In the world of filmmaking, there’s a certain consciousness adopted amongst directors, writers and actors in relation to their next project, whether it be of the expectations of audiences, financiers or themselves. Of course, the best filmmakers are more concerned with making the best story that they can, balancing character development, narrative progression and visual electricity, but there’s always a lingering sense of insurance behind each filmmaker’s mechanisms in order to preserve their careers. In some ways, sequels are the best way for a director, writer or actor to ensure their future and a level of creative freedom with their future projects, but often times sequels can be just as much of gambles as an individual project as there is more on the line. Often times, a filmmaker in any position is best suited to learn from their previous hits and misses and adapt, crafting something that feels like their former projects have been nothing but precursors for the sake of fine tuning their newest effort.
It’s that adaptation that, while not entirely true, is indicative of Edgar Wright’s The World’s End, a science-fiction laden horror comedy that is grandiose and masterful but absolutely humble and out-and-out hilarious. Assembling a murderer’s row of British actors, including Martin Freeman, Paddy Considine, Eddie Marsan and Rosamund Pike, as well as collaborators Nick Frost and Simon Pegg, Wright puts characters first and foremost in this film, dropping nuances with such finesse that there’s no information that’s ever served arbitrarily and often times pays off in a big way that also works for the story. Wright constructs this story impeccably, beginning with a narrative tale that serves as a framework for the rest of the film that’s all-the-more satisfying to see reprised in a natural and brilliant way. And to his credit, Wright is also able to make a film that’s emotionally affecting and inspiring whilst never letting down on the humor or the incredibly fun action sequences.
The World’s End is a rare breed of horror comedy, as it’s subversive but never mean-spirited or existing within a single realm of which to satire. There seems to be a loving embrace of the “invasion” genre behind the portrayal of these mechanical and foreign threats, which all the more makes these beings more likeable and eventually, more dangerous. At the same time, the focus on the film falls upon the human characters, of which many exist within their own flaws and origins. This comes through in every aspect of the characters development, whether it be loyalty amongst their friends, their fighting styles and especially their dialogue, which is both biting and witty in the best way possible. And the film also prides itself on its intelligence, purveying a unique philosophy on the dangers of nostalgia and corporatization while also delivering a story that’s logical in an illogical situation and genuine in its most sobering moments.
Of course, with any Wright directorial effort, the performances all around are stellar and are what keep you grounded in the film even as the madness fires on all cylinders. Pegg is outstanding in the film, anchoring the films funniest and most emotional moments and possibly reeling in his best performance to date. Frost is almost as good, exceptionally portraying a flawed and damaged man who has grown weary of his past, especially the role that Pegg’s Gary King had played. Considine, Pike, Freeman and Marsan are all incredible as well, each offering a different perspective on their meeker archetypes and attack each character with the same gusto as they would with a dramatically tuned role. And as par for the course, Wright delivers a few great cameos from British acting stalwarts, none of which I have the right to ruin for you hear but will absolutely please any fan of genre entertainment.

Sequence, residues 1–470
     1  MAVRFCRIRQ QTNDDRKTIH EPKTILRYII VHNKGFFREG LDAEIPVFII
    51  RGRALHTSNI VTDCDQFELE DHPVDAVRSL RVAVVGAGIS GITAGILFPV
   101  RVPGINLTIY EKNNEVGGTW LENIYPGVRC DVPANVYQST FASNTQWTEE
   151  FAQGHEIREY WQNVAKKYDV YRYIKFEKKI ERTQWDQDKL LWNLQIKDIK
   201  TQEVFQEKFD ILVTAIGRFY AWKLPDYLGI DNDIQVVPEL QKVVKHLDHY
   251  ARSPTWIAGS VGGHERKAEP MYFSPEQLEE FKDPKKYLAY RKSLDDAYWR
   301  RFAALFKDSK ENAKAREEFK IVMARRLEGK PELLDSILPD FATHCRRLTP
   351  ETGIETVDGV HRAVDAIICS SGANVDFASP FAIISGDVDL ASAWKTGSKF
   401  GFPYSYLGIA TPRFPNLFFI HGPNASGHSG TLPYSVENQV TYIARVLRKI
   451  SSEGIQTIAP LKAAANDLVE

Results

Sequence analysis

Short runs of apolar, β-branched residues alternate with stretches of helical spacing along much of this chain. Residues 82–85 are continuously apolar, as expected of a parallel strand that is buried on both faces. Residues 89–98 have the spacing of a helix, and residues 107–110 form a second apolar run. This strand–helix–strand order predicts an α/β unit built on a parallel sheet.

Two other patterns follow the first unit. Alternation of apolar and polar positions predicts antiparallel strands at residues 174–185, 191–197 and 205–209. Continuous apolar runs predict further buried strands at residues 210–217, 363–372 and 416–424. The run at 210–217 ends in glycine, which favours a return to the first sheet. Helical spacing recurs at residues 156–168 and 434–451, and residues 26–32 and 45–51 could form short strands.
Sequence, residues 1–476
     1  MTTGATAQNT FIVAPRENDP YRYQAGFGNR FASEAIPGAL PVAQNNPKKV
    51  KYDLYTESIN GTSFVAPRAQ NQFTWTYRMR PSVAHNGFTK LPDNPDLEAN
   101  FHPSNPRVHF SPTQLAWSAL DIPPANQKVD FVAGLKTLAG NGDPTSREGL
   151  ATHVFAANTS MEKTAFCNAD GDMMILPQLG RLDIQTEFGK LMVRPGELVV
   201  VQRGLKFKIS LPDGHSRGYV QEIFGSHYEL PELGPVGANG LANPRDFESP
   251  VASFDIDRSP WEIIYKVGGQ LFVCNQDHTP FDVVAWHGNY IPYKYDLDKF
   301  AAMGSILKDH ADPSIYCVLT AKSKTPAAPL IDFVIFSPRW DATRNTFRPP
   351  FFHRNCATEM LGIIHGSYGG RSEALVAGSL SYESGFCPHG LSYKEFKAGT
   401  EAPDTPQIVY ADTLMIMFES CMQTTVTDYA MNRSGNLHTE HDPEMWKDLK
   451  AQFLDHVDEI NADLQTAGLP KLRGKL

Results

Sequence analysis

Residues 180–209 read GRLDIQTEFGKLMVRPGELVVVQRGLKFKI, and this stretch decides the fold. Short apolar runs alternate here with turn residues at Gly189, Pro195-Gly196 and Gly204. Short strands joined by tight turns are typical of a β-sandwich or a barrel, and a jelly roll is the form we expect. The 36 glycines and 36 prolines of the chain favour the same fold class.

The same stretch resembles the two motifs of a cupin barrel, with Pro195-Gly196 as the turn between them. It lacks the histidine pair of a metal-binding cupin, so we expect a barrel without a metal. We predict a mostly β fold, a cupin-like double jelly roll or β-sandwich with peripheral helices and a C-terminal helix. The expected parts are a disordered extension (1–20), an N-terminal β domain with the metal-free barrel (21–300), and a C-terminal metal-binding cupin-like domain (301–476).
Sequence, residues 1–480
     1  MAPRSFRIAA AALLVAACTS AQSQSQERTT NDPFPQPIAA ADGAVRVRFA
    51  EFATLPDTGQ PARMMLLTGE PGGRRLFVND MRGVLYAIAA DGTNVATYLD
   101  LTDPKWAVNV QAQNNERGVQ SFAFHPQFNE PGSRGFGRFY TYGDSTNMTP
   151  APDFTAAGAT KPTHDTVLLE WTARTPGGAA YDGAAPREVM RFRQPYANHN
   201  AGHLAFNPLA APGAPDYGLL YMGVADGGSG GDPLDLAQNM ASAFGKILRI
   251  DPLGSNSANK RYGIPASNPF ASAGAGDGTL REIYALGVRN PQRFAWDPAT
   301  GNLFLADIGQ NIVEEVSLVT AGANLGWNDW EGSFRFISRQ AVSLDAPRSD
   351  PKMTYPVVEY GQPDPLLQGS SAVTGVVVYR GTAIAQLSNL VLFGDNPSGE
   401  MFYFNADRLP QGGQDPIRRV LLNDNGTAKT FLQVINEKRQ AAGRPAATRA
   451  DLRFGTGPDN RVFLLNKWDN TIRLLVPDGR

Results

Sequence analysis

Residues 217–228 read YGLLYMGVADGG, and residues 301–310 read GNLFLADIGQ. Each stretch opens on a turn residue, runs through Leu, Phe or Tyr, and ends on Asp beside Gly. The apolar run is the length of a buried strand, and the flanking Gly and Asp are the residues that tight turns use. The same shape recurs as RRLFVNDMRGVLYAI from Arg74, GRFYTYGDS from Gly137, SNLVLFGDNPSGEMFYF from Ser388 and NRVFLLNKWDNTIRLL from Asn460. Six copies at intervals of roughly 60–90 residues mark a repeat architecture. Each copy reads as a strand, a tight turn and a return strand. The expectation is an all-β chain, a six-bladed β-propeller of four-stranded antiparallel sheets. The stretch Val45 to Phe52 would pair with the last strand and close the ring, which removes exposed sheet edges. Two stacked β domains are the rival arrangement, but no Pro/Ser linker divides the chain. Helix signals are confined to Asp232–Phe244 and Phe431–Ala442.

Technically speaking, Wright has absolutely adapted brilliantly from his work on Hot Fuzz and Scott Pilgrim, offering realistic looking special effects from Double Negative with a gorgeously shot film from Bill Pope. Every shot looks appropriately glossy and defined, lending an appropriately beautiful and otherworldly look to the bizarre freakiness on display. Furthermore, Wright’s eye as an artist works in correspondence with Pope, offering brilliant framing devices and ambitious long-take action set pieces as well as nice references to past works, subtle or otherwise. Additionally, I’d be remiss if I didn’t mention the absolutely fantastic musical choices in the film, whether it’s the immersive original score from Steven Price or the incredibly satisfying and constructed tracks from longtime Wright music supervisor Nick Angel.
Overall, The World’s End is as great as it ought to be, showing a new, more mature side to the mischievously hilarious Wright and his dependable cohorts. The script from Wright and Pegg is amongst the strongest I’ve ever seen in the world of comedy, and Wright’s visual collaboration makes The World’s End a choice specimen for repeat viewings, as each frame is worth analysis for subtle laughs and Easter Eggs. Overall though, even without Wright’s history coming into play, The World’s End is a genuinely excellent genre hybrid, one that’s creepy as a solid sci-fi horror, compelling as thoughtful drama and hysterical as a comedy. It’s a high bar for Wright to meet in the future, but if the level of imagination and resourcefulness from Wright, Pegg and Frost leap as they have done previously, then I’m already excited for their next effort.
– By Ken W. Hanley